Designer Claude Kameni's West Africa-Inspired Fashion Wins Over Tracee Ellis Ross and More Stars

The Lavie by CK Spring 2021 runway show. “It was weird because there was no audience,” says label founder Claude Kameni
MODELS, KAMENI: MC GREGOR LAPIERRE

The Lavie by CK Spring 2021 runway show. “It was weird because there was no audience,” says label founder Claude Kameni (inset).

The L.A.-based 26-year-old designer, whose creations are also worn by Amanda Seales and Viola Davis, showed her most recent collection in New York Fashion Week for the first time.

In the past two years, L.A.-based fashion designer Claude Kameni has seen her 8-year-old West African-textile-inspired line, Lavie by CK, embraced by Hollywood.

In 2018, Tracee Ellis Ross wore a custom Kameni dress to host the American Music Awards after the star's stylist Karla Welch discovered the label via Instagram. The label outfitted Viola Davis in a shoot for the July issue of Vanity Fair, while Amanda Seales wore a custom dress when she hosted the BET Awards this June.

Says Seales’ stylist Bryon Javar of his client’s BET look, “I was really inspired by the movie Coming to America when Vanessa Bell Calloway was going to be marrying Prince Akeem. She had on the big gown and the ponytail with the gold hair accessories. I wanted to do a modern inspiration with an African spin on it.”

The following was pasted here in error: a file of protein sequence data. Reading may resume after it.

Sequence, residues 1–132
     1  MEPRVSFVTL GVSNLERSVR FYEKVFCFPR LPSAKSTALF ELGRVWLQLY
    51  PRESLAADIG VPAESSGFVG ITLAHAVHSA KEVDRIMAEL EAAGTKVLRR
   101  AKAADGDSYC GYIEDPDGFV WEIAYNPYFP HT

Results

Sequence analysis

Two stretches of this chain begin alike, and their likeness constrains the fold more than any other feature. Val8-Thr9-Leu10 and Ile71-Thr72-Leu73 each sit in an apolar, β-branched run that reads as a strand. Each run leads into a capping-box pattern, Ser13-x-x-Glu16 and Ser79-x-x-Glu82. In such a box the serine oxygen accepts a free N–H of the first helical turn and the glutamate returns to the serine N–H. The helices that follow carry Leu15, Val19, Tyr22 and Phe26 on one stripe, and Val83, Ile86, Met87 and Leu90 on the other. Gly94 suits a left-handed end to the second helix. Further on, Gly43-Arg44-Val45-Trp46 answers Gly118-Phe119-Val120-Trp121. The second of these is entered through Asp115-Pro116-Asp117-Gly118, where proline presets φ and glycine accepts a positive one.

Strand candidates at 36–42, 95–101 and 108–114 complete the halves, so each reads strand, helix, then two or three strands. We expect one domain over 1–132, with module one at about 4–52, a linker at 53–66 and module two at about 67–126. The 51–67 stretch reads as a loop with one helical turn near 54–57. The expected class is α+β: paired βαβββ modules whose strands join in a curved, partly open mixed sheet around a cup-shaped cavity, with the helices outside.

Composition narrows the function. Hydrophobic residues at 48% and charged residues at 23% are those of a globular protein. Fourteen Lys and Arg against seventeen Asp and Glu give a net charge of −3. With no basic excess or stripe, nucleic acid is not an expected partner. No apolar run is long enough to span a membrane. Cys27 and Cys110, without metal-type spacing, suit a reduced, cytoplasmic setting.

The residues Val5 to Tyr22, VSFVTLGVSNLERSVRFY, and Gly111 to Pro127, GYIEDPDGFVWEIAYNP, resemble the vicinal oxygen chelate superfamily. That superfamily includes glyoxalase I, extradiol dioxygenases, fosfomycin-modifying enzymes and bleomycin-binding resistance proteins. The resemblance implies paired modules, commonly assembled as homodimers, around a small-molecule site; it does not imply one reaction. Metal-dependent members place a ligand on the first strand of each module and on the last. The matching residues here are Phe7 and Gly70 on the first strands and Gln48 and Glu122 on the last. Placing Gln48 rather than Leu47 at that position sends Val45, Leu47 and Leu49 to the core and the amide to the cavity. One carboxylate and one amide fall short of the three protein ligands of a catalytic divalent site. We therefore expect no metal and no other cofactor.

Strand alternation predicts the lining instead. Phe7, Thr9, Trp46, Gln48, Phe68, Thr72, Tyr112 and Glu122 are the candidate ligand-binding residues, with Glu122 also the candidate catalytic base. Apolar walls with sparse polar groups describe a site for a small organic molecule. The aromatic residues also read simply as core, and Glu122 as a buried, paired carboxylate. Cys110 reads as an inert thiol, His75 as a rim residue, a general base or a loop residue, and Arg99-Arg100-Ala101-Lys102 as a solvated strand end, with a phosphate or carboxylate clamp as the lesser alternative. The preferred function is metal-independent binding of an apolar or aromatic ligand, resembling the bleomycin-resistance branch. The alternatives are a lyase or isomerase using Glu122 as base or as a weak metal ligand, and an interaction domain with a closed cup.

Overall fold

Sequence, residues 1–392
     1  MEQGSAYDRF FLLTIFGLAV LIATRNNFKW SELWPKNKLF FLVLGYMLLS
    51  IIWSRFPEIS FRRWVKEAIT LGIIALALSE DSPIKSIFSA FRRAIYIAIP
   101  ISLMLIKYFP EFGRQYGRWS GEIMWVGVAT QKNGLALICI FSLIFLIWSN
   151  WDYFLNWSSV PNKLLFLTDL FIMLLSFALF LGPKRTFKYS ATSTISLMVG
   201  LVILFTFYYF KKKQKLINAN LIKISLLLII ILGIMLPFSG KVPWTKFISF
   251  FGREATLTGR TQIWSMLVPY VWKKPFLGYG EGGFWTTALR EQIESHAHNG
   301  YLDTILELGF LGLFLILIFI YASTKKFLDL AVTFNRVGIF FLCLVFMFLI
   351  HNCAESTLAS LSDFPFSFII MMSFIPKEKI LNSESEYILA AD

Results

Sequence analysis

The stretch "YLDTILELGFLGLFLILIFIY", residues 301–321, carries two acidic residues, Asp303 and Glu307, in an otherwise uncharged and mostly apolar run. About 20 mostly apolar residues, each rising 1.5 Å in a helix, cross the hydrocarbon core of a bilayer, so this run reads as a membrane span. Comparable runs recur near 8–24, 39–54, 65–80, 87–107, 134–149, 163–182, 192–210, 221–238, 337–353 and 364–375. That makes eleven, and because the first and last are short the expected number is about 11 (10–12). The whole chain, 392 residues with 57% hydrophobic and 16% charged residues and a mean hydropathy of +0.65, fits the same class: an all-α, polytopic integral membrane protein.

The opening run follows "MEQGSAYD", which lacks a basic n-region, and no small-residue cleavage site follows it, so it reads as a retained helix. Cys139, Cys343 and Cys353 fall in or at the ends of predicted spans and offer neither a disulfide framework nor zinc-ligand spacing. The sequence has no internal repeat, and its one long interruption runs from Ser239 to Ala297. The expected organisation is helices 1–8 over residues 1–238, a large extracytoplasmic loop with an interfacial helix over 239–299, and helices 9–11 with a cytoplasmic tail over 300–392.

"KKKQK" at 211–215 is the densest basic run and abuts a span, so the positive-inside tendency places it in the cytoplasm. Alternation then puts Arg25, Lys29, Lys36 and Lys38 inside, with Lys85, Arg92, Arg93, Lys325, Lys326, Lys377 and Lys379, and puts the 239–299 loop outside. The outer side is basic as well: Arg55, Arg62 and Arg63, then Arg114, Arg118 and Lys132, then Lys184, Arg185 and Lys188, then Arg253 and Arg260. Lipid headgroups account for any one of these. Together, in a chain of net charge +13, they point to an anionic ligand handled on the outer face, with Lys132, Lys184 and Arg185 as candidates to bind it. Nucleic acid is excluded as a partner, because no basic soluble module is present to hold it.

Adds Kameni of her aesthetic, “I’m really passionate about bold shoulder pads and bold prints.”

Kameni, 26, this year was presented at New York Fashion Week for the first time, albeit virtually. Staged at Spring Place, a private-membership club and workspace in Beverly Hills, on Sept. 14, her 2020 men’s and women’s presentation was a vibrant mix of beguilingly patterned gowns, jackets, suits and even bell bottoms (most pieces run $80 to $150, laviebyck.com), set to a soundtrack of African music.

Kameni, originally from Cameroon, tells THR that her line has received increased attention thanks to the Black Lives Matter movement. “There are a lot of Black talented people in this industry,” she says. “It should keep going, for other people as well — not just me.”

This story first appeared in the Oct. 7 issue of The Hollywood Reporter magazine. Click here to subscribe.